Leysin’s low-pressure environment, sunny slopes, friendly and professional ski school and relaxed atmosphere are all plus points for first timers. There are special beginner areas at Plan-Praz (by the upper village) or at the Daille (by the lower village) and a third location at Berneuse which has its own lift.
Leysin does not have the giant ski area on your door step that more demanding intermediate level skiers might wish for, but with 90% of the local slopes graded easy or intermediate and runs up to 4.5km (nearly three miles) long, this is classic cruising country. The upper mountain is wide open with some more challenging technical trails through the trees on lower slopes. Night skiing is available and the area Alpes Vaudoises pass includes the larger lift linked area shared by neighbouring Les Diablerets with Villars and Gryon, as well as the snowsure slopes of Glacier 3000, 30 minutes away and all accessed by a free ski bus service. Closer are the slopes of Les Mosses – La Lacherette, which are a short hop away by a shuttle bus service running every 30 minutes and increasing the local ski area size to 100km.
Although not well known as a destination for expert skiers, Leysin can offer several attractions to the more experienced downhiller. There are only two black runs in the local ski area (although much more choice with the regional pass) including the 1.3 long Chaux-de-Mont piste. In addition the ski school can offer more options including guided ski touring, avalanche survival and rescue training, and heli-skiing excursions for one or more days duration according to demand.
Snowboard / Freestyle Skiing
Leysin has a particularly strong reputation among the snowboarding and freestyle community. It was an early adopter of boarding in the first years of the sport, thanks in part to the large number of school and college groups it catered for back in the 1980s and has been staging World Cup and other major events for 20 years now. Its reputation is particularly centred on the famous Leysin snowpark located on the lower slopes below Berneuse and highly regarded both for the range of terrain features and for the high standard of maintenance of them. Each season new rails, kicks, gaps, step-ups, step-down and hips are added along side the permanent 140m long, five metre high superpipe which has been carved in the ground so that it can open with minimal snow cover. In addition there’s now a permanent ski cross course at the foot of the Chaux de Monts.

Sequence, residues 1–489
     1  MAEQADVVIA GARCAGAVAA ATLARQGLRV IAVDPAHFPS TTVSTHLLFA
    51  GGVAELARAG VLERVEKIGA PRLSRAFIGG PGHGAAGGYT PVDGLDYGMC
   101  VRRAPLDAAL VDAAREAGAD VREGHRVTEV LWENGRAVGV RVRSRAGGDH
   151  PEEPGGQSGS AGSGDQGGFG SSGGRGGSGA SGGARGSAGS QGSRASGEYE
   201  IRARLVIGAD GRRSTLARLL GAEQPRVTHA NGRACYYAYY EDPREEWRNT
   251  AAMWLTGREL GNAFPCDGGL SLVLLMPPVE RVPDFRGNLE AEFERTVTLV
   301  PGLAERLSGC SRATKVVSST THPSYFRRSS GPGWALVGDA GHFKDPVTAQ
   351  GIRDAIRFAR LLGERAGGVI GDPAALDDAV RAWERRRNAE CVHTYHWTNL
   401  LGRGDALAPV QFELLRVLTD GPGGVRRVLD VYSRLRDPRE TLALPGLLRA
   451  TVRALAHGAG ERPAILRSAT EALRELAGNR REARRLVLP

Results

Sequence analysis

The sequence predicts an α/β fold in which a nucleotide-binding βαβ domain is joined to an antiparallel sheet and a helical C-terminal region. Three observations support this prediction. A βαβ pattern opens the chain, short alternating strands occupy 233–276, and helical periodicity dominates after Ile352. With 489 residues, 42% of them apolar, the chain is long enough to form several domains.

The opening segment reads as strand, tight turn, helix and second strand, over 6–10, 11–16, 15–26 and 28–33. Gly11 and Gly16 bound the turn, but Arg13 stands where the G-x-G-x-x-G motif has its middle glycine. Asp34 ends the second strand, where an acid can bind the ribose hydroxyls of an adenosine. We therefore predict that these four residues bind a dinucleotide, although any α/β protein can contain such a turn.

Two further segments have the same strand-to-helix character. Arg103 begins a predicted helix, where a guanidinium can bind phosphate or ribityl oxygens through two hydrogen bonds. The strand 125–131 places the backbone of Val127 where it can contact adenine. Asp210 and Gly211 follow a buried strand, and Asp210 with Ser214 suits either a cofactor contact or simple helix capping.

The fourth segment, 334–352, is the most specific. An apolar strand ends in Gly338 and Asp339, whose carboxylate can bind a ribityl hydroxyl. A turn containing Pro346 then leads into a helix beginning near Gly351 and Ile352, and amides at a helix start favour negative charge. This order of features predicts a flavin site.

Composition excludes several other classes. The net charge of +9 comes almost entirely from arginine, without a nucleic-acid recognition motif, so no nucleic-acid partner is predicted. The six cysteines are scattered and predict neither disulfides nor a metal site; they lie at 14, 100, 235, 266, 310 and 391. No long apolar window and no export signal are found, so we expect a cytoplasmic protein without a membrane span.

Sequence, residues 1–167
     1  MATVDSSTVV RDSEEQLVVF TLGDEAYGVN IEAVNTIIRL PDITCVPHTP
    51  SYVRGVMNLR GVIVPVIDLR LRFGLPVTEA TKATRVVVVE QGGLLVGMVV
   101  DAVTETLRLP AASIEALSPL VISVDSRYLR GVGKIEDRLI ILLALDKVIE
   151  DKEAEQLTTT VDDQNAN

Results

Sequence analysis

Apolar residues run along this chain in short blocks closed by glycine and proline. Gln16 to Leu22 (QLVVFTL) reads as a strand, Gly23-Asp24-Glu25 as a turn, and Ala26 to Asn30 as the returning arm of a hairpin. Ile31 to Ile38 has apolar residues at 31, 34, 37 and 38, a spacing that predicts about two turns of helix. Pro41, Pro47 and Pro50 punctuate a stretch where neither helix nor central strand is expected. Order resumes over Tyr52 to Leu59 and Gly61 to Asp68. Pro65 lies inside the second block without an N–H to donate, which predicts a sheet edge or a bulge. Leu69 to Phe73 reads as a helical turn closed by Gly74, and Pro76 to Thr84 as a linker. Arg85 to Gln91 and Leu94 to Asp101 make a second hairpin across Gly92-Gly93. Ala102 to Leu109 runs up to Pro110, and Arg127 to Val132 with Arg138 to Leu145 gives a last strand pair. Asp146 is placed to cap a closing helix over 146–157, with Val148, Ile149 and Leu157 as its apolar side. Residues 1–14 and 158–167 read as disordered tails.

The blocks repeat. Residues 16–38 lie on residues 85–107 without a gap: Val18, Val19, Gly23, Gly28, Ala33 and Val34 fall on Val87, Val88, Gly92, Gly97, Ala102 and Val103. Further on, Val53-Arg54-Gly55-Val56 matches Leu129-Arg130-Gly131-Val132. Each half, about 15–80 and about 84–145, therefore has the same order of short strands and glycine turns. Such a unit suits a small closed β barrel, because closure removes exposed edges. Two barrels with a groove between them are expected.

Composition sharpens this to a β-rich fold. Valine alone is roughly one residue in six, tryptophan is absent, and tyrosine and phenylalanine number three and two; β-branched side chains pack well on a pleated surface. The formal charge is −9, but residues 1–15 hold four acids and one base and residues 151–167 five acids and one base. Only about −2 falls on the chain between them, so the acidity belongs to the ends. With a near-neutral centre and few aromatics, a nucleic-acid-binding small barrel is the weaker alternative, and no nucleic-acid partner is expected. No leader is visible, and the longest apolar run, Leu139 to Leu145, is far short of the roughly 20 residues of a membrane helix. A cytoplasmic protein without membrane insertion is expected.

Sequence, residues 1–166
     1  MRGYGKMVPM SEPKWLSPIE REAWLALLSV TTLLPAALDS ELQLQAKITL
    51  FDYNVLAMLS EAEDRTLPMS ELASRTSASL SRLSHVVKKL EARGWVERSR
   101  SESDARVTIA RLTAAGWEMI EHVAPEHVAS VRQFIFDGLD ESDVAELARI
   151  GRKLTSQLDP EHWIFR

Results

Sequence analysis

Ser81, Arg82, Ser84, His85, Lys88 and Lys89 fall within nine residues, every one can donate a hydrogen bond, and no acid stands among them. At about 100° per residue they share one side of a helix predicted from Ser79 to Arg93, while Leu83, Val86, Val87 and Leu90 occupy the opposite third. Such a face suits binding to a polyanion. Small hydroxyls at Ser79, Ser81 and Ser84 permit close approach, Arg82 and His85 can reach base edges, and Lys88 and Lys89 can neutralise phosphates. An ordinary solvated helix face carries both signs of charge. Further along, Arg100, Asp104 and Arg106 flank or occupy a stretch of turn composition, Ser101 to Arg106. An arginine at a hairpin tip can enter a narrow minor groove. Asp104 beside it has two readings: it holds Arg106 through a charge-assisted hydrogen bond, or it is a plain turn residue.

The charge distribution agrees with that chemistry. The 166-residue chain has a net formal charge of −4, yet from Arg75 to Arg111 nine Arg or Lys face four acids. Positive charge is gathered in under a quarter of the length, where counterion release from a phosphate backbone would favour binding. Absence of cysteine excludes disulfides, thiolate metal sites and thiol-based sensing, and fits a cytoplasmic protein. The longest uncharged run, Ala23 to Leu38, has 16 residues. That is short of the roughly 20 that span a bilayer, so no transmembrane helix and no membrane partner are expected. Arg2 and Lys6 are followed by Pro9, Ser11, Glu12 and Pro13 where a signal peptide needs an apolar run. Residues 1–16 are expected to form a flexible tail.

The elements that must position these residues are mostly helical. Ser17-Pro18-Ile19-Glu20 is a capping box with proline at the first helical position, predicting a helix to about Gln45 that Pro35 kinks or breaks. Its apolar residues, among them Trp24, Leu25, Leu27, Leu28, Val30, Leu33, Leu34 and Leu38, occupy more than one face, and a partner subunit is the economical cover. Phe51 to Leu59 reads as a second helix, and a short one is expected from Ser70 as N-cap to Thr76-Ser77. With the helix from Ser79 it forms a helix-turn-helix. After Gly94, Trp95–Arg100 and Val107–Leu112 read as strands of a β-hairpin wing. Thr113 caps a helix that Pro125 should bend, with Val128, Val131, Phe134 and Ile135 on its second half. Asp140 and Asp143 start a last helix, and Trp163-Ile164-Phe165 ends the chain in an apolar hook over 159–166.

Cross-country skiing is not a particularly big activity in Leysin and those looking for a cross-country ski based holiday should probably look elsewhere! However, there is an easy, seven kilometre long track located at the bottom of the village and suited to all ability levels from beginner up using the classic skating style. There are 39km of cross-country trails in the wider area however. The ski school can offer tuition if needed and equipment rentals are available locally too. The track, which is reserved for cross country skiers only (there should be no walkers, ponies, bikers…) starts by the ice rink and continues through woodland and snow covered pastures providing great views back to the village and to Mounts Aï and Mayen beyond, as well as over to Pic Chaussy.
Leysin village and ski slopes are of a average height range which essentially means that, in an average or good winter, snow cover should be good throughout the season.
About a tenth of the slopes are covered by snowmaking and there’s also the back up of lift pass access to the nearby Glacier 3000 ski area between Gstaad and Diablerets, which has a year round high-altitude snow field you could head for in the event of a snow-shortage emergency!